“Avoiding Political Talk, Saudis and Chinese Build Trade,” New York Times, April 23, 2006. President Hu makes first state visit. After purchasing Chinese intermediate-range ballistic missiles in the 1980s, civilian trade, especially around oil, growing.

“Daring to Use the Silver Screen to Reflect Saudi Society,” New York Times, April 28, 2006. Saudi movie, “How’s It Going?” reflects tensions in Saudi society.

“Don’t Be Friends With Christians or Jews, Saudi Texts Say,” New York Times, May 24, 2006. Center for Religious Freedom report on Saudi texts and discussion. Saudi texts are more tolerant than five years ago, but still show some intolerance. And tough to change versus conservatives in current world environment.

"Saudi Shiites Fear Gains Could Be Lost," New York Times, February 5, 2007. Rising regional sectarian tensions could harm Sunni tolerance for Shiites in Eastern Saudi Arabia.

"After First Steps, Saudi Reformers See Efforts Stall," New York Times, April 26, 2007. Two years previous, at the urging of the Bush Administration, the first elections for municipal councils were held in a number of cities. Only men voted, and only half were elected, but not much movement or meaning since.

"As Saudi Steps Surprise U.S., A Prince Is Sounding Off-Key," New York Times, April 29, 2007. Prince Bandar bin Sultan has traditionally been very close to President Bush, family, and administration. Calls U.S. in Iraq "an illegal foreign occupation," and other distancing steps.

"King Tries to Grow Modern Ideas In Desert, Free of Saudi Taboos," New York Times, October 26, 2007. King Abdullah breaks ground for new graduate research university, to be built up by Saudi Aramco near Jidda, with huge endowment of ten billion. Like oil compounds, social rules will be much more relaxed than in rest of country.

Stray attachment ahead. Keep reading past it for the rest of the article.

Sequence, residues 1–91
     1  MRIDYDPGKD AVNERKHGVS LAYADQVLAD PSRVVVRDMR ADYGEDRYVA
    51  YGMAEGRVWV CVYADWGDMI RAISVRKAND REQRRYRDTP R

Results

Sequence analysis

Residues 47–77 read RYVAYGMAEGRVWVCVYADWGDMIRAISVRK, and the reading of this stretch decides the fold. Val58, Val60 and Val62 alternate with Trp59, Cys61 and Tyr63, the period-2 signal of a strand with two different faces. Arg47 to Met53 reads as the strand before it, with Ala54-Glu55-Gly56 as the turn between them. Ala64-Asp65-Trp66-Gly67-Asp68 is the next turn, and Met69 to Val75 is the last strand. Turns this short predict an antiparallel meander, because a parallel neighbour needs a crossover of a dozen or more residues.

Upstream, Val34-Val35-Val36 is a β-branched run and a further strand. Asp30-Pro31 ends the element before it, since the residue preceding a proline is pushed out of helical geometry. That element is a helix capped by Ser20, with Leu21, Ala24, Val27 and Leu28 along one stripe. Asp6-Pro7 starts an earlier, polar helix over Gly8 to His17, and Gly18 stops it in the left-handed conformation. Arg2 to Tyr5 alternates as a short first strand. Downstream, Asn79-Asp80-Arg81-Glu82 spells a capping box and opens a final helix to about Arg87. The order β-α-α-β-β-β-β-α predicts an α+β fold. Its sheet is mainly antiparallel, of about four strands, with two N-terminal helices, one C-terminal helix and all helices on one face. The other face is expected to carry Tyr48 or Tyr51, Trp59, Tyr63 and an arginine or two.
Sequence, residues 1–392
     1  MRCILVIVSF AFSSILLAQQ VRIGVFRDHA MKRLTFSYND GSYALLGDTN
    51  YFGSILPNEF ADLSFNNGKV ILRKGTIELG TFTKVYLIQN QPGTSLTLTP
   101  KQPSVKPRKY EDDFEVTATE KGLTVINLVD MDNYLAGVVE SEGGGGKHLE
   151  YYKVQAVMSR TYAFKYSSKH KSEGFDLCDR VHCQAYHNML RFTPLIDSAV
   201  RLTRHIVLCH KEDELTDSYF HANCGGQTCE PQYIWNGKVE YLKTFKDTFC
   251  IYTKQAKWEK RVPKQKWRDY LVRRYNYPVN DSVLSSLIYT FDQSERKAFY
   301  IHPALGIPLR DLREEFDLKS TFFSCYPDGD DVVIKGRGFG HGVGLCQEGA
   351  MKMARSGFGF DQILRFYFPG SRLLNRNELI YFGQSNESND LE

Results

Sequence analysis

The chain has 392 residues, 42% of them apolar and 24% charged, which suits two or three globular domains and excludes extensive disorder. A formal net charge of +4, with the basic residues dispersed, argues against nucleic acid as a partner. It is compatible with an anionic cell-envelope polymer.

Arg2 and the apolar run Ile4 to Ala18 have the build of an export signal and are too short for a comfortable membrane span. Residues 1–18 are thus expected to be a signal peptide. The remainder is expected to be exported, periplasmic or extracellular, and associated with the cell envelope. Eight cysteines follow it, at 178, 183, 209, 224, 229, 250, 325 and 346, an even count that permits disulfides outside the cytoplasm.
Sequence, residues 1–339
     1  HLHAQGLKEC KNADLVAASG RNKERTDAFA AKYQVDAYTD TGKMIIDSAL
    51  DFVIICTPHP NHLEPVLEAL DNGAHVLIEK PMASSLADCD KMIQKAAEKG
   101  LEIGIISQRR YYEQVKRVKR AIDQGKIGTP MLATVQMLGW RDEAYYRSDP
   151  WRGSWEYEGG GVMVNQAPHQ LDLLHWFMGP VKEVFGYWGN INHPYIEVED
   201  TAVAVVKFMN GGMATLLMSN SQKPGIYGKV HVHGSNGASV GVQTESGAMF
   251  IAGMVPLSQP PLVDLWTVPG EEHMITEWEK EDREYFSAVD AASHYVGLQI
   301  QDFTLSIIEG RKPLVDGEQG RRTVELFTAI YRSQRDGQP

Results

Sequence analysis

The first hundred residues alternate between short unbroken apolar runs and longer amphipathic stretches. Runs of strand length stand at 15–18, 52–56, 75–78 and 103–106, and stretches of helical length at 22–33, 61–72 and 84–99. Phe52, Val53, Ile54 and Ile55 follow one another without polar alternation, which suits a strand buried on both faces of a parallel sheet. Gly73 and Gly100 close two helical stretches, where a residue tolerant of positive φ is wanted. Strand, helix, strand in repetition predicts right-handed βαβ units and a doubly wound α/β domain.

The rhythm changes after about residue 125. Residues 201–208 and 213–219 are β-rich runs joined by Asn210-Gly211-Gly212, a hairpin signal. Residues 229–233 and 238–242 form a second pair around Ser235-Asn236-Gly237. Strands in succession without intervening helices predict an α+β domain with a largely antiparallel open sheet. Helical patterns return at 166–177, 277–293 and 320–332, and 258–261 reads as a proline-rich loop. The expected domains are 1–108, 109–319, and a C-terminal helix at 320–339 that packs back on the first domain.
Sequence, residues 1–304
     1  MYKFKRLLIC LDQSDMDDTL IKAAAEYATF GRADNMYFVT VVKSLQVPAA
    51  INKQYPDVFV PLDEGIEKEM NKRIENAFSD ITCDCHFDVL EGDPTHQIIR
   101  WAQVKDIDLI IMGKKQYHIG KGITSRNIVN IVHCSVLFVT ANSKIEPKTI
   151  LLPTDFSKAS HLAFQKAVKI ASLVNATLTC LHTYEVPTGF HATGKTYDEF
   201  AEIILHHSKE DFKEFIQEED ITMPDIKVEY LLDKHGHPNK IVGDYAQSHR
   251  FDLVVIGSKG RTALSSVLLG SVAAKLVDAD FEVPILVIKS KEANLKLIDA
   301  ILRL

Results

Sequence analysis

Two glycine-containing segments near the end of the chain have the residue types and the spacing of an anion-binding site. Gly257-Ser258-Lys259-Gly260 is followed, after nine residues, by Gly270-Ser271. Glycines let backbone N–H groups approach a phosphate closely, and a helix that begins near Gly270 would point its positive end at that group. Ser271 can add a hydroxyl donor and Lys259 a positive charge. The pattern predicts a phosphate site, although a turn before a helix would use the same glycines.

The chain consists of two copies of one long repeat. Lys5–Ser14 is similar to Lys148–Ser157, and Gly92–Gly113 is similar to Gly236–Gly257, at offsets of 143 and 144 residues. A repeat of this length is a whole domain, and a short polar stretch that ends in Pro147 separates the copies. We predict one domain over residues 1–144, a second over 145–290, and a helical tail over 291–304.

"Saudi Arabia, Missing Pluralism at Home, Seeks U.N. Platform to Promote It Abroad," New York Times, November 12, 2008. Report on U.N. discussion of high-ranking figures, including President Bush, Prime Ministers Brown and Peres, the heads of seven Arab states, and Secretary General Ban Ki-moon on religious tolerance, officially "the culture of peace." This follows an interfaith dialogue sponsored by the kingdom in Madrid in July. Controversies surrounding meetings.

"For Saudi Liberals, A Ripple of Hope In a Sea of Tradition," New York Times, March 3, 2009. Analysis of cabinet reshuffle by 84-year-old King Abdullah. Losing positions were chief of religious police and country's senior judge. King also installed more moderate and diverse members of the Council of Senior Ulema, which is influential in setting parameters for the interpretation of Islamic law. Problems with Saudi education.

"A Saudi Gamble to See if Seeds of Change Will Grow," New York Times, new 12.5-billion King Abudllah University of Science and Technology in Thuwal near Jidda. Behind security the university allows men and women to work, study, and socialize together and women do not have wear the baggy black gown, the abaya, mandatory in the rest of the country. Recruiting of foreign students. Conservative criticism and debate about whether change comes from within or without, e.g., the university, two pan-Arab newspapers in London, and satellite television Al Arabiya in Dubai.

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March 5, 2013.